Wasn’t life simpler before the dawn of social media? No waking up in a cold sweat after a night out to scan Facebook for toe-curling photos to untag. No unsolicited pictures on Snapchat. And no worrying about having to beg, borrow or steal a different dress for the 10 weddings you’re attending this summer thanks to Instagram. First-world problems these might be, but when the minutiae of every outfit are catalogued on Stories, it’s no wonder it pains us to rewear our clothes. But should it?
Princess Anne attends Royal Ascot in 1980
The Duchess of Cambridge is a famous outfit repeater. Take the Alexander McQueen dress coat she wore to Prince Harry and Meghan Markle’s wedding in May. Not only did choose it for Princess Charlotte’s christening in 2015, but she also wore it for 2016’s Trooping of the Colour. Princess Anne is an even more prolific recycler. The cream and navy coat she wore to this year’s Commonwealth Day service at Westminster Abbey had its first outing at Royal Ascot in 1980. 1980! There’s also an Instagram account dedicated to Queen Maxima of the Netherlands and her mastery of the rewear. The next time you think sporting your Rixo dress to your cousin’s wedding and your family BBQ is embarrassing, remember what excellent company you keep.
Wearing the same outfit at this year's Commonwealth Day service
Like all good things that start on the @kensingtonroyal Instagram account, it looks like the trend for rewearing clothes is starting to trickle down. The influencers are already on board. Lucy Williams recently posted a picture from Mykonos with the caption, “Can’t stop won’t stop wearing this dress.”
She also packed the dress in question—a sand-coloured crochet number from Sir the Label—for a trip to Ibiza in June.
The publisher of Tank Magazine, Caroline Issa, wore the same pair of flowered sandals by Fabrizio Viti for three days of Paris Couture Week. Park and Cube’s Shini recently shared a similar sentiment, calling out the fact that rewearing has become some sort of bizarre sin on social: “Since when is wearing something more than once, like any other human being, called recycling?” The blogger behind No Ordinary She, Ada Oguntodu, has her basket bags, H&M white mules and Zara earrings on repeat.
Ada says rewearing clothes is satisfying—you know you’ve made the right choice to buy something you can wear again and again.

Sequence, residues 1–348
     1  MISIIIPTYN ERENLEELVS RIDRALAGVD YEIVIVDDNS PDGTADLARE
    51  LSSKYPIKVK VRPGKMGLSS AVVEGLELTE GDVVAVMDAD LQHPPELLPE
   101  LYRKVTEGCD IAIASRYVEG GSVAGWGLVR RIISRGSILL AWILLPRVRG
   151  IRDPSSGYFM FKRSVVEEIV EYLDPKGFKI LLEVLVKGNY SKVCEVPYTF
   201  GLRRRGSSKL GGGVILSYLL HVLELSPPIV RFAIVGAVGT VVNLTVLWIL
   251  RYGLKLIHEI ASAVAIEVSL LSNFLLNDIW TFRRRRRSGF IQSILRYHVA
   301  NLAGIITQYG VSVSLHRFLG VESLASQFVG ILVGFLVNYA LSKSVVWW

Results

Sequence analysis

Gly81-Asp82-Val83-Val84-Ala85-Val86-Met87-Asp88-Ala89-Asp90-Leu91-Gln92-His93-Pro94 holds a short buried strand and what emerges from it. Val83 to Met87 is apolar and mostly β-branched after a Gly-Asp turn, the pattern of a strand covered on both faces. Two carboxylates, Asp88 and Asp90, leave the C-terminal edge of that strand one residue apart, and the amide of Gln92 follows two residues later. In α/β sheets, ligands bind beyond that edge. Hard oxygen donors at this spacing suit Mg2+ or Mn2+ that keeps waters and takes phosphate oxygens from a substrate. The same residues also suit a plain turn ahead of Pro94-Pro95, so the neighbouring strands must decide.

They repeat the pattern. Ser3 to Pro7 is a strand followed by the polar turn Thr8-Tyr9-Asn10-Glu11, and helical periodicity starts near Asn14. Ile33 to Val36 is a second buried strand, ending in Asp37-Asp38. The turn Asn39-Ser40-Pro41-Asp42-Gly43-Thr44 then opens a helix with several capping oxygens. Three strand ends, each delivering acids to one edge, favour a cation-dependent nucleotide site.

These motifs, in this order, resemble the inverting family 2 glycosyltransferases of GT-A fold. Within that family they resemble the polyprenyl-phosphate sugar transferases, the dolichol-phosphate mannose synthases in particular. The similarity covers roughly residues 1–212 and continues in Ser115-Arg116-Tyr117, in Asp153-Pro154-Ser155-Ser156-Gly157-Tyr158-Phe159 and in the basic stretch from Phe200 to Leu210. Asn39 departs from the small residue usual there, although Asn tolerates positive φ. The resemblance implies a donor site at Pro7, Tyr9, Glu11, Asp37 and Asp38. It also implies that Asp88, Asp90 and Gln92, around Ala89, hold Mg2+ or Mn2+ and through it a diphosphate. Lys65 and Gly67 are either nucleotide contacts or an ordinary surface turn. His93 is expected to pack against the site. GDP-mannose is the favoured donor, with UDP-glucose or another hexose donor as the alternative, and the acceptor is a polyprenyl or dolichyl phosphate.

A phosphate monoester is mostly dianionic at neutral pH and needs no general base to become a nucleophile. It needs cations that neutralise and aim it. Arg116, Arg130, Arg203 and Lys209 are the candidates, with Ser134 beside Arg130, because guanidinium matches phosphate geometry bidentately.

“I never feel pressured to wear or not wear anything,” she tells me, “If I feel like it, I go for it, and if I don’t, I just don’t. It is more about showing my style than how many clothes I have in my wardrobe.”
Anum Bashir, the fashion force behind Desert Mannequin, says she makes a conscious effort to rewear her clothes and doesn’t think twice about Instagramming the results. “I love wearing things over and over again and putting a different spin on [an outfit]. I think it makes content more relatable if anything,” she says.
The phrase “cost-per-wear” might be used by fashion editors to justify the purchase of ludicrously expensive shoes, but keen outfit repeaters know it makes sense. The more you wear something, the greater the return on your investment. The sticking point is how many of us look after our clothes and shoes well enough to wear them year in, year out? And raise your hand if you have garments hanging in your wardrobe with tags still attached? In 2017, a report by Sainsbury’s estimated that Britons would bin 235 million items of clothing as part of the annual process of spring-cleaning. It’s also worth considering the resources being consumed and the pollution produced to manufacture our clothes. According to the London Sustainability Exchange, you need between 10,000 and 20,000 litres of water to make just one kilogram of cotton. That’s two pairs of jeans. What this means is that it’s not enough to rewear clothes—we have to buy them more mindfully in the first place.
This sounds counterintuitive coming from a website whose bread and butter is fashion trends, but you don’t have to ignore them. Instead, cherry-pick the ones that will work for you in the long run. I’ve wanted some trainers with pumped-up platform soles for about a year, but I managed to resist the Eytys Angel pair until I had breakfast with a PR wearing them. Now that I know I’m committed, my heart is set on these Buffalos. If you do succumb to the cycling short trend and regret kicks in, recycle them instead of throwing them away or try your luck on a resale app like Depop.
Adding or subtracting accessories is probably the easiest way to shake up a favourite outfit combo. You also don’t have to stick to basics and avoid prints to be a repeater. One of the most versatile things in my wardrobe is a checked-and-ruffled skirt from Ganni. Depending on my mood and the prognosis on my weather app, I can wear it with a sleek black body and gold woven heels, a vintage T-shirt and white Filas or a puff-sleeved blouse from Sea. Here are my other favourite building blocks for a wardrobe that’s ready to be worn on repeat.